Section: User Contributed Perl Documentation (3pm)
use IO::String; $io = IO::String->new; $io = IO::String->new($var); tie *IO, 'IO::String'; # read data <$io>; $io->getline; read($io, $buf, 100); # write data print $io "string\n"; $io->print(@data); syswrite($io, $buf, 100); select $io; printf "Some text %s\n", $str; # seek $pos = $io->getpos; $io->setpos(0); # rewind $io->seek(-30, -1); seek($io, 0, 0);
"IO::String"module provides the
"IO::File"interface for in-core strings. An
"IO::String"object can be attached to a string, and makes it possible to use the normal file operations for reading or writing data, as well as for seeking to various locations of the string. This is useful when you want to use a library module that only provides an interface to file handles on data that you have in a string variable.
Note that perl-5.8 and better has built-in support for ``in memory files, which are set up by passing a reference instead of a filename to the open()'' call. The reason for using this module is that it makes the code backwards compatible with older versions of Perl.The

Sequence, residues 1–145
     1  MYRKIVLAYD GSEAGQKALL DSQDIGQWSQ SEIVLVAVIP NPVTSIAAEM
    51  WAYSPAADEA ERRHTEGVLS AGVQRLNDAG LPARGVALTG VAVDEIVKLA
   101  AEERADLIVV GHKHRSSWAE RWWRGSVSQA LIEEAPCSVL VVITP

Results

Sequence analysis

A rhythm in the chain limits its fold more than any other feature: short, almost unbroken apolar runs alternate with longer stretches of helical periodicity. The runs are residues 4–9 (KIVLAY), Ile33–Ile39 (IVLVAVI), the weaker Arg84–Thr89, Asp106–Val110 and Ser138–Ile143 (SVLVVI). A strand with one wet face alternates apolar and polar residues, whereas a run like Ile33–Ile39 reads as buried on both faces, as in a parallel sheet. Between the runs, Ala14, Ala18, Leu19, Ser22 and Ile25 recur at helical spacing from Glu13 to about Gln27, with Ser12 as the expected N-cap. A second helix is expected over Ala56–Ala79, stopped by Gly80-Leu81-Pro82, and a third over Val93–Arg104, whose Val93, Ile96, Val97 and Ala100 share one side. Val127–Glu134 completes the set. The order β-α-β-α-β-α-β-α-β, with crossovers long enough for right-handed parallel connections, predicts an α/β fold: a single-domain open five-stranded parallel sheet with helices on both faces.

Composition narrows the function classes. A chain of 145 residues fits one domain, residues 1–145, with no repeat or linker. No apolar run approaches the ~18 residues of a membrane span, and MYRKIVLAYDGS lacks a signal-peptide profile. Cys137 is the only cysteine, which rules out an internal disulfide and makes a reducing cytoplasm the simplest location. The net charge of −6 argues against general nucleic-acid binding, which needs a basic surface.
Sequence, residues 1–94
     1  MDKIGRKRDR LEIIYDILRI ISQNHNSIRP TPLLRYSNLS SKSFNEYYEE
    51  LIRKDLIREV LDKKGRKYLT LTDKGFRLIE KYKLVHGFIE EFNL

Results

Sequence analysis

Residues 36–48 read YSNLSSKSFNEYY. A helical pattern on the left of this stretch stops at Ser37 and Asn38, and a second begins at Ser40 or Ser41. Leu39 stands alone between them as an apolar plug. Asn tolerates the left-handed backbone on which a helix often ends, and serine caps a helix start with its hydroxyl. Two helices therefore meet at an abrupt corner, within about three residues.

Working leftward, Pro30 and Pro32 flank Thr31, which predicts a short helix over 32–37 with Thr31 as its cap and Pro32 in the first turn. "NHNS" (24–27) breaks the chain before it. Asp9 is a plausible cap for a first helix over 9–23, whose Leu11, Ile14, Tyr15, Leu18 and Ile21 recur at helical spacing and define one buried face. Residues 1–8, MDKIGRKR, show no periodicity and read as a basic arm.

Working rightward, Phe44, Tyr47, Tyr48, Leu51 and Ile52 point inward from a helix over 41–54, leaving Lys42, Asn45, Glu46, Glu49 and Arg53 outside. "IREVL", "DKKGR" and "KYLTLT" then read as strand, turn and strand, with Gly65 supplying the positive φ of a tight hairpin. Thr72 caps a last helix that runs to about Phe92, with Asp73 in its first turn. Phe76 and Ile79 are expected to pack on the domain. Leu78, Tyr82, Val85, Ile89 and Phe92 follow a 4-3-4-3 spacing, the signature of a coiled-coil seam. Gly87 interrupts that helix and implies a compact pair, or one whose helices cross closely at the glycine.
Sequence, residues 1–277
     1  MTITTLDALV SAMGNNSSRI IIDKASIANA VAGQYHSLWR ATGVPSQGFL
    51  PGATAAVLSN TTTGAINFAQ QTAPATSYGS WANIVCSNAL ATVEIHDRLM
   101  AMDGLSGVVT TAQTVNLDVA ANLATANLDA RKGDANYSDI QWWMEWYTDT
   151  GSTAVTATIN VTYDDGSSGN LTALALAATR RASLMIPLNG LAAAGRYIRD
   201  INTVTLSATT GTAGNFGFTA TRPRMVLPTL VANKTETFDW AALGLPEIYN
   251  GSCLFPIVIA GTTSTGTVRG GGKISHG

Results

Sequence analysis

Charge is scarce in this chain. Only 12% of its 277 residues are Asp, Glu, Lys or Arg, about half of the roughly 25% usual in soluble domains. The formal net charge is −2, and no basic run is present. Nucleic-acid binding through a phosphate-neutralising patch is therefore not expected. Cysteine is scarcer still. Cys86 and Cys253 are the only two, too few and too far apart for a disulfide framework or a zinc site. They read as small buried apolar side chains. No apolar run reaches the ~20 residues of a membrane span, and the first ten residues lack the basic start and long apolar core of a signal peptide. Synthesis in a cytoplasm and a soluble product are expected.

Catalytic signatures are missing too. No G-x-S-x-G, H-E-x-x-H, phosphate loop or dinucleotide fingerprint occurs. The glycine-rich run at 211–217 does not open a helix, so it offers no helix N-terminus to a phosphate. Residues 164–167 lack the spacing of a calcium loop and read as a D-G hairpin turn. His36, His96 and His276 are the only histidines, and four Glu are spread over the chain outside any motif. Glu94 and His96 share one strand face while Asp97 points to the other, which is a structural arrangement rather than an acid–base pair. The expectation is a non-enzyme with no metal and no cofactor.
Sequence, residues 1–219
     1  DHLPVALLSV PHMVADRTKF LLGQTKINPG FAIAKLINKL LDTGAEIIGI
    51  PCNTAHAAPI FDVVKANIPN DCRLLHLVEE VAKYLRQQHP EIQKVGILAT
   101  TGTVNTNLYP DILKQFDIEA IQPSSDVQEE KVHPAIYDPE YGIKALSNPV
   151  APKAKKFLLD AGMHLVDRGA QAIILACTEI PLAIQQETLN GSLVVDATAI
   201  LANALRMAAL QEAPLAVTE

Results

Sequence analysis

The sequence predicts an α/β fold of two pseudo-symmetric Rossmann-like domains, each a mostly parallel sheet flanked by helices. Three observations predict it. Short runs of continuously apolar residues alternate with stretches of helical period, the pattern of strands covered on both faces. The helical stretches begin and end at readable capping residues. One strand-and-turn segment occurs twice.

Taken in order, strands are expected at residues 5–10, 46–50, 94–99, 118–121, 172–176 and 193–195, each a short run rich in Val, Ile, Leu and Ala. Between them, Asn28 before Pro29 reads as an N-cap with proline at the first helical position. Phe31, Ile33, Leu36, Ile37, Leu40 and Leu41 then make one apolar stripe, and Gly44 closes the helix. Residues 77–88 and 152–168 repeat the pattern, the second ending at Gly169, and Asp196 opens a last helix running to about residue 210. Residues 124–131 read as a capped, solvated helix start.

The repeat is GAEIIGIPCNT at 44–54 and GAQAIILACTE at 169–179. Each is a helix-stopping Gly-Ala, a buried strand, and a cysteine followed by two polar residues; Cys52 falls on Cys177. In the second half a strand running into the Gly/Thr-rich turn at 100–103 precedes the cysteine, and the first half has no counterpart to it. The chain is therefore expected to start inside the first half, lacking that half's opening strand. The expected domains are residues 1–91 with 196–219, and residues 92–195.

"IO::String"module provides an interface compatible with
"IO::File"as distributed with IO-1.20, but the following methods are not available: new_from_fd, fdopen, format_write, format_page_number, format_lines_per_page, format_lines_left, format_name, format_top_name. The following methods are specific to the
"IO::String"object. It takes an optional argument, which is the string to read from or write into. If no
$stringargument is given, then an internal buffer (initially empty) is allocated.
"IO::String"object returned is tied to itself. This means that you can use most Perl I/O built-ins on it too: readline, <>, getc, print, printf, syswrite, sysread, close.
$string, or allocates a new internal buffer (if no argument is given). The position is reset to 0.:
"IO::String"object. Most useful when you let the
"IO::String"create an internal buffer to write into.:
There is (deliberately) a difference between the setpos() and seek() methods in that seek() extends the string (with the specified padding) if you go to a location past the end, whereas setpos() just snaps back to the end. If truncate() is used to extend the string, then it works as seek().
"IO::String"handle. See perltie for details.
Copyright 1998-2005 Gisle Aas.
This library is free software; you can redistribute it and/or modify it under the same terms as Perl itself.
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